There is increasing awareness in the general public of the negative risks of spanking. Research shows a 93% agreement that spanking is harmful.  Spanking is consistently linked to increased behavioral problems, increased aggression and defiance, and lower moral internalization.  It is also linked to an increased risk of mental illness in adolescence, drug and alcohol abuse, and a greater likelihood of domestic violence into adulthood.  Spanking little children is particularly problematic, due to the profound effect that negative experiences can have on the rapid development of the brain in the first few years of life.

The effects of spanking your child are similar to the negative outcomes associated with overt child abuse according to the latest research. Join us in a discussion with Dr. Elizabeth Gershoff to discuss the details.

A new study was published in July in the journal American Psychologist making the case that the evidence is conclusive that physical punishment is harmful to children: The Strength of the Causal Evidence Against Physical Punishment of Children and Its Implications for Parents, Psychologists, and Policymakers

  • Leading cause of physical child abuse
  • Linked to increased aggression, poor connection to parent, anxiety, alcohol/drug abuse, and domestic violence later on
  • 65-80%+ of parents in the U.S. spank
  • 30% of parents spank children under the age of one
  • 1,500+ research studies have found that spanking is linked to negative outcomes
  • 59 countries have banned spanking in the home (2020)

Library of Research and Interviews with Researchers

Formal Policy Statements

The American Academy of Pediatrics (AAP) states that spanking is harmful to children and should never be used.
The Centers for Disease Control has published a technical package addressing ending violence against children calling for both educational and legislative action to end the practice of corporal punishment in the home and to promote positive parenting.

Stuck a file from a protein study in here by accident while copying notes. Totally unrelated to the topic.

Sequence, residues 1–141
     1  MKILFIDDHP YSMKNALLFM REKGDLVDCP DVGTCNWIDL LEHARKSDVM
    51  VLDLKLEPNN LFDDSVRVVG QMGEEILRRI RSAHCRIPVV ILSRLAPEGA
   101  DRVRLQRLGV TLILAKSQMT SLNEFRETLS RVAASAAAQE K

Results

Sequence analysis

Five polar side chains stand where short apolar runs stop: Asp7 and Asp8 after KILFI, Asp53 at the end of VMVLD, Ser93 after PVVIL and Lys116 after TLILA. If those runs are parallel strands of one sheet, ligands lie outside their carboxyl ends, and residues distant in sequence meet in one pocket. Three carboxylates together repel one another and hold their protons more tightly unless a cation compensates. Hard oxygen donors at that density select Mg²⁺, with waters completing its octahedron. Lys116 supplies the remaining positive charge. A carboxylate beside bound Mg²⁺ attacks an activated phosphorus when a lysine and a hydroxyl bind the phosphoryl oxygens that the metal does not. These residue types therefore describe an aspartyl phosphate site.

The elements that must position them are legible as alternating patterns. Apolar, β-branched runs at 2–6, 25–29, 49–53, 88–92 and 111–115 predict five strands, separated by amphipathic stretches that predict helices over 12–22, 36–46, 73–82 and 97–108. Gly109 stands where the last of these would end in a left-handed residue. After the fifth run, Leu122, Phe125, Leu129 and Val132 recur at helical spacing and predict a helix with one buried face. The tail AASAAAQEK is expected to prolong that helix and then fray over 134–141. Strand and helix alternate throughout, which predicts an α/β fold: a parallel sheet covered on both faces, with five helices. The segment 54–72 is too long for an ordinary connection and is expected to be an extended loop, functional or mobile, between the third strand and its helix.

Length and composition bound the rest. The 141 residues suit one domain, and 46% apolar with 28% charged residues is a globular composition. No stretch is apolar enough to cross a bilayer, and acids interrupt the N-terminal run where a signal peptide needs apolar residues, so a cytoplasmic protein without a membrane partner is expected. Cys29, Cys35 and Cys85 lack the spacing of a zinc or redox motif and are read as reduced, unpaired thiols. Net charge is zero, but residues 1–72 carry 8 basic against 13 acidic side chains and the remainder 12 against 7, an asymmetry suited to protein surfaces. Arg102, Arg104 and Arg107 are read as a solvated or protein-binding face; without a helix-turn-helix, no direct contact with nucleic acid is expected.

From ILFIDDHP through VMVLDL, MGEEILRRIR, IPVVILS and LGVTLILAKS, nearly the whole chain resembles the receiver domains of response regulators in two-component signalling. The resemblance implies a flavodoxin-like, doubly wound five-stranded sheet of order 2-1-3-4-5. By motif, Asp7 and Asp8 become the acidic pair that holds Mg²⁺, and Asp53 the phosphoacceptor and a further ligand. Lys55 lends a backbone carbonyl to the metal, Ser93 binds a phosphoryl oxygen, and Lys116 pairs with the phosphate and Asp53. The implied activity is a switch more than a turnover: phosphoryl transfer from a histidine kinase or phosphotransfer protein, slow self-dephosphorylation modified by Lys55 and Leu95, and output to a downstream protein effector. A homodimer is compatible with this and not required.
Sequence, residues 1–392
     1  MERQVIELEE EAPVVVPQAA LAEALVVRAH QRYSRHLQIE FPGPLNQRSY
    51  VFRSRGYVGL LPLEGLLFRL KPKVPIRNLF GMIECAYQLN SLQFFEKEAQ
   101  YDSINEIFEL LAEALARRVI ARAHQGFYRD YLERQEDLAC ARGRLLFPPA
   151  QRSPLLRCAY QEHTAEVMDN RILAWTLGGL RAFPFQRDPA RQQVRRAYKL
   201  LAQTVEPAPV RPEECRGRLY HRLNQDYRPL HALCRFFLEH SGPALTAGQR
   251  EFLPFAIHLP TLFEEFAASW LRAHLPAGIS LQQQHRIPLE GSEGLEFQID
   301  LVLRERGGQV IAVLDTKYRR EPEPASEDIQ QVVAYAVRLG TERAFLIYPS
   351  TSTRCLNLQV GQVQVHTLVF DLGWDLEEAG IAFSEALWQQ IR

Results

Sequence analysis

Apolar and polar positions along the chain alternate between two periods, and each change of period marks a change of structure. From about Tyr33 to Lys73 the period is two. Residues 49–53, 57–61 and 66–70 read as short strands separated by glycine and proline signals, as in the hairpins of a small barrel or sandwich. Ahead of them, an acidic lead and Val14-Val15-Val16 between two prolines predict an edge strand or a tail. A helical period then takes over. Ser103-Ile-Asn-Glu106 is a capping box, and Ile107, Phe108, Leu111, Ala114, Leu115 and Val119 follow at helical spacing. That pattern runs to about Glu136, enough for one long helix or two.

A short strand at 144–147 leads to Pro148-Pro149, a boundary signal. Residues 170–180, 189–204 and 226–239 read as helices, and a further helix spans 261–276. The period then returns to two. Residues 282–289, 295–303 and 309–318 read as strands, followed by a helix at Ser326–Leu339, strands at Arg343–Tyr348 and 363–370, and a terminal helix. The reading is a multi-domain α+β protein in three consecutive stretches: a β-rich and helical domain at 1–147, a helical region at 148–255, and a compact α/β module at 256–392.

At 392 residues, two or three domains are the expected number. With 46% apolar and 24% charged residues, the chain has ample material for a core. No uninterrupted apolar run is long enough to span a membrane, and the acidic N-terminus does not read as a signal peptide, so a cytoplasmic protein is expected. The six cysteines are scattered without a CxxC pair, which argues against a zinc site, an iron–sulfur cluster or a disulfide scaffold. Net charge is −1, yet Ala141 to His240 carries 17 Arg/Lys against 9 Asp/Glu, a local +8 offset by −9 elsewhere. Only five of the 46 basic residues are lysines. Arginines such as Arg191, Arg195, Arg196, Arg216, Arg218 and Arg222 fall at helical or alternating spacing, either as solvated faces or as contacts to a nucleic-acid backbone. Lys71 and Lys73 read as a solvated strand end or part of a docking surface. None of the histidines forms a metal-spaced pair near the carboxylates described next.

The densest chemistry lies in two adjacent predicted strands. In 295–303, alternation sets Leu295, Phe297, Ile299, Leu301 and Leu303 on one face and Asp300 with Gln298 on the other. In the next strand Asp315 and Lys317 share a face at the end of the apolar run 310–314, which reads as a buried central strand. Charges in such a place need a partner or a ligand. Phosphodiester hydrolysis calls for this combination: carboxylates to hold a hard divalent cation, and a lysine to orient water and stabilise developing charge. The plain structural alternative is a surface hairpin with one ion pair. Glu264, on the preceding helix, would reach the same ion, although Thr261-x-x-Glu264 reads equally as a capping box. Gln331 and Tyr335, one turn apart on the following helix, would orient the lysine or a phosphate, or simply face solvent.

The National Women’s Law Center along with 79 organizations has written a formal letter to local and state educational agencies and policymakers calling for an end to corporal punishment in schools.
American Professional Society on the Abuse of Children (APSAC), 2016  APSAC is committed to ending all abuse of children and promoting children’s welfare. Given the research evidence about the harms associated with corporal punishment, APSAC opposes hitting children for discipline or other purposes. APSAC calls for the elimination of all forms of corporal punishment in part because it increases children’s risk for physical abuse.
The National Association of Pediatric Nurse Practitioners (NAPNAP) believes that to achieve a healthy environment for children it is necessary to eliminate corporal punishment in schools and other settings where children are cared for or educated. In addition, parents must be educated about harmful effects of CP and instructed about effective alternative forms of discipline.
American Psychoanalytic Association (APsaA) condemns the use of physical punishment (corporal punishment) in the discipline of children and recommends alternative methods that enhance children’s capacities to develop healthy emotional lives, tolerate frustration, regulate internal tensions, and behave in socially acceptable ways.
Cornel University, College of Human Ecology strongly opposes striking a child for any reason. Spanking is NEVER recommended.

More Organizations with a Formal Statement Against Spanking